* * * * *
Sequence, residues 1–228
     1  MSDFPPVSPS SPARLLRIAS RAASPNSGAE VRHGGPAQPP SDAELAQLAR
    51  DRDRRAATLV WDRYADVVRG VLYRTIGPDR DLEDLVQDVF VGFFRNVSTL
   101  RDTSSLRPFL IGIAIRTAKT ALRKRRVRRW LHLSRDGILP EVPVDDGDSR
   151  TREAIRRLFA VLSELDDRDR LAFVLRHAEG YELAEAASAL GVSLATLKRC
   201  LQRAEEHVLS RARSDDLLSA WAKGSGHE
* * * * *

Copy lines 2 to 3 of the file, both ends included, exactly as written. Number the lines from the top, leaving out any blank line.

     1  MSDFPPVSPS SPARLLRIAS RAASPNSGAE VRHGGPAQPP SDAELAQLAR
    51  DRDRRAATLV WDRYADVVRG VLYRTIGPDR DLEDLVQDVF VGFFRNVSTL